A Yosemite Hike – Without the Crowds

“After a full day of hiking around the Yosemite Valley, we had finally found the crowds.”


I had expected it to be the other way around – trying to get away from the crowds for just a minute. But we managed to make it nearly 13 miles in the 4th most visited park in the country without having to deal with any crowds. Hiking down the Mist trail at the end of the day truly made me appreciate the full day of exploring the valley without feeling like I was in Disney Land. Let me tell you how we did it.

I had been putting off going to Yosemite because of the stories of how crazy crowded it is. So crowded, that every single camping site was booked through 2016. But, Yosemite is absolutely breath-taking in the summer, so every family and couple goes during this time. The skies are clear, the views are stunning, and when you catch them at the right time, the waterfalls are inspirational. Never having been to Yosemite before, I had to see the waterfalls in their full glory, so I was ready to brave the crowds for my chance to see them up close. Since there were no sites available in Yosemite, we decided try our luck with a day trip.  

Side note: I am a little lucky here because Yosemite is just a 3-hour drive into the valley from my front door. But if you want to see Yosemite and the campsites are full, just find a place to stay outside of the national park and drive in. 

Now, if you are anything like me, you love nature and beautiful sights, but hate – I mean absolutely can’t stand – crowds. I wanted to see Yosemite, but was very hesitant about spending the day with thousands of other people in my way. I mean isn’t that the purpose of going to a national park like Yosemite – to take in the beauty of nature with no cars and limited distractions so you can fully appreciate it?

Here is my quick list of recommendations for hiking the valley:

  1. Arrive early – By early, I mean park your car somewhere by 8am (seriously…by 8:10am the park was packed)
  2. Start with 4-Mile Trail – You get the uphill portion over with in the morning when it is still cool; after the 4.8 miles of uphill, the rest of the hike is mainly flat or downhill
  3. Move on to Panoramic Trail quickly – At the top of 4-Mile Trail, you reach Glacier Point, which connects you to Panoramic Trail. Panoramic Trail has views just as beautiful as Glacier Point, so grab your GP picture and head for the trails quickly to avoid the crowds
  4. If you run into a crowd, MOVE – Wherever there was a point of interest, there was typically a gathering of people. If you walk away from them for about 100 meters, you are sure to find a peaceful place to hang out with a beautiful view.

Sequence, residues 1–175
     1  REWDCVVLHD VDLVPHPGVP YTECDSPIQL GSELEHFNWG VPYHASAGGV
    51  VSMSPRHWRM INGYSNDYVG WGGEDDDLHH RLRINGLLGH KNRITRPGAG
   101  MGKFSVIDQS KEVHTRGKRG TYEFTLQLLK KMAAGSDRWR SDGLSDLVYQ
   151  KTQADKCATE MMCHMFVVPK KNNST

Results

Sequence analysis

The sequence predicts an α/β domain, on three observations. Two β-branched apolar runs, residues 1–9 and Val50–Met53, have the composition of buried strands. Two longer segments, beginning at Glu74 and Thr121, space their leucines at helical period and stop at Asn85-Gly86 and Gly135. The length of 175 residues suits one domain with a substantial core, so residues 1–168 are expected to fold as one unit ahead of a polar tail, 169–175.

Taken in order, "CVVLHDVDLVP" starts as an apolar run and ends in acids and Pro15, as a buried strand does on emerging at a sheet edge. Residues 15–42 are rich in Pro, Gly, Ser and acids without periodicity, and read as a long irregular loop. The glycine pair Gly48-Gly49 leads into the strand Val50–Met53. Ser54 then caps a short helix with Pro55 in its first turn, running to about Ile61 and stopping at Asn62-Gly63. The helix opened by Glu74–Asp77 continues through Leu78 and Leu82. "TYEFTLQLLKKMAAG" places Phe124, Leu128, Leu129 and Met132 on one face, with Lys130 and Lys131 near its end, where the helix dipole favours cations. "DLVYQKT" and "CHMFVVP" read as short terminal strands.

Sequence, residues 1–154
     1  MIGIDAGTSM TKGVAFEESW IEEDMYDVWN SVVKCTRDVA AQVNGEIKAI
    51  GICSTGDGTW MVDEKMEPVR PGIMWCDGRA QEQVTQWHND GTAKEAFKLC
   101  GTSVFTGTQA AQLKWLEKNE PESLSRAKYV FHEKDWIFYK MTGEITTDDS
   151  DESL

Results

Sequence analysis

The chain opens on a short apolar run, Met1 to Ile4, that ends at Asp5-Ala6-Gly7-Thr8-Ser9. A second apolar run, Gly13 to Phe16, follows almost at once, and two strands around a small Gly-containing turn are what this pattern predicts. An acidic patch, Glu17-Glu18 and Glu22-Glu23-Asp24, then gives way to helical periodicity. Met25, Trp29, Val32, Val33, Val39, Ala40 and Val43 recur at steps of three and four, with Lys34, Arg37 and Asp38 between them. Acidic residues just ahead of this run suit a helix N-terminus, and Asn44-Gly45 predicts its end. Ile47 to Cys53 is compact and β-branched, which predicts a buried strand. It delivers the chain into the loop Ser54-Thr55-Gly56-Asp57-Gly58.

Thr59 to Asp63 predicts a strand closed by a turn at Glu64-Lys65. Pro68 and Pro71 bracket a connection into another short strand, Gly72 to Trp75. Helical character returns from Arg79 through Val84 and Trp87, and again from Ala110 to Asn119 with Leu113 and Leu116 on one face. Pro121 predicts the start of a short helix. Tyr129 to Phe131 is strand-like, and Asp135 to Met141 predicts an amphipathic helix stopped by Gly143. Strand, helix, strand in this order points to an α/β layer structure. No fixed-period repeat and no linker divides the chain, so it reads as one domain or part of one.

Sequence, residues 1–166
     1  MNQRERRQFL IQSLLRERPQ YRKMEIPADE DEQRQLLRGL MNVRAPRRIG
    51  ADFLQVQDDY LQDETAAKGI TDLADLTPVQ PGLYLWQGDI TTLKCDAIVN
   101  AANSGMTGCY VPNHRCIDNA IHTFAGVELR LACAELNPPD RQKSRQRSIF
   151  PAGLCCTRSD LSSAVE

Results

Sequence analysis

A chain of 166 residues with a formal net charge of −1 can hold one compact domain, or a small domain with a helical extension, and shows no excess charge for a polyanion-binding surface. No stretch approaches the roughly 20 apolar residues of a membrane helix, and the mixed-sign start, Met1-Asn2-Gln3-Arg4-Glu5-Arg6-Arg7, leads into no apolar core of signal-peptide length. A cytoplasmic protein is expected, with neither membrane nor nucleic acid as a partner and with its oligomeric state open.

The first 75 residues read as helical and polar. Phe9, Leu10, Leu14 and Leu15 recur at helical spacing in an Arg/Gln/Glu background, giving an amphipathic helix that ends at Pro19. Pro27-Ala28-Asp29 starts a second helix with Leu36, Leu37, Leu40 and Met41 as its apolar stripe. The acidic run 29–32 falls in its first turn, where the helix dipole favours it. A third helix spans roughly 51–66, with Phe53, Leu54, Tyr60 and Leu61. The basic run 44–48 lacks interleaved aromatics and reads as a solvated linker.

5. Pack Snacks – Be prepared to be out on the trail for 10+ hours. Bring a lunch and some snacks for the hike. (don’t bring more than you will carry though – you can’t leave food in your car)

And here is my detailed guide to how I planned a trip that – without meaning to- avoided the crowds during high season. 

Side note: This trip does involve walking all day – 16 miles to be not-so-exact

Arrival time
We drove straight into the valley with hardly any other cars around us, parked our car just down the road from the 4-mile trail head at 8am. When we arrived, the parking lot had one other car in it. 

Perfect timing: We walked around to get ourselves situated and take a minute to pick our jaws up off the floor. We walked to a bridge with a gorgeous morning view of Yosemite Falls, snapped a couple pictures, took a quick trip to the bathroom, then went back to grab our things and start the day.  When we got back to the car, less than 10 minutes after getting out, the lot was COMPLETELY FULL and cars were starting to park on the street.

Yosemite National Park

Upper Yosemite Falls from the bridge

Where all those people went is still a mystery to me, because they sure weren’t on our trails.

So we put on our first layer of sunscreen for the day and hit the trail. 

The Starting Point:

4-Mile Trail: First, 4-mile trail is actually 4.8 miles…the name is misleading, no big deal, except its 4.8 miles of steady uphill switchbacks, gaining about 3,000 feet in elevation. That said, it’s not very steep and oh are the views worth it.

Every time we got to the end of a switch back on the east, we got a beautiful view of Yosemite Falls – and at the end on the west, a view of El Capitan. The higher we got, the more beautiful the view became. Eventually, the trail wrapped around to the other side of the mountain and we caught our first glimpse of Half Dome. Not too long after, we caught a glimpse of crowd #1.

Yosemite National Park

Upper and Lower Yosemite Falls from 4-Mile Trail

Dodging the Crowd
4-Mile Trail  ends at Glacier Point. This is also a parking lot VERY popular with tour buses full of people. However, those people all go to only one place – the scenic view labeled as Glacier Point. We headed over that way to check it out….DENSE CROWD! The view was similar to the views we had hiking up the 4-mile trail, so we quickly got away. 

But here is the strange thing. There is an even more beautiful view that is much less crowded, 200 meters away. . So we walked those 200 meters, snapped a beautiful panoramic picture of the valley, and walked a little further away from the crowds to have a morning snack in peace. 

Yosemite National Park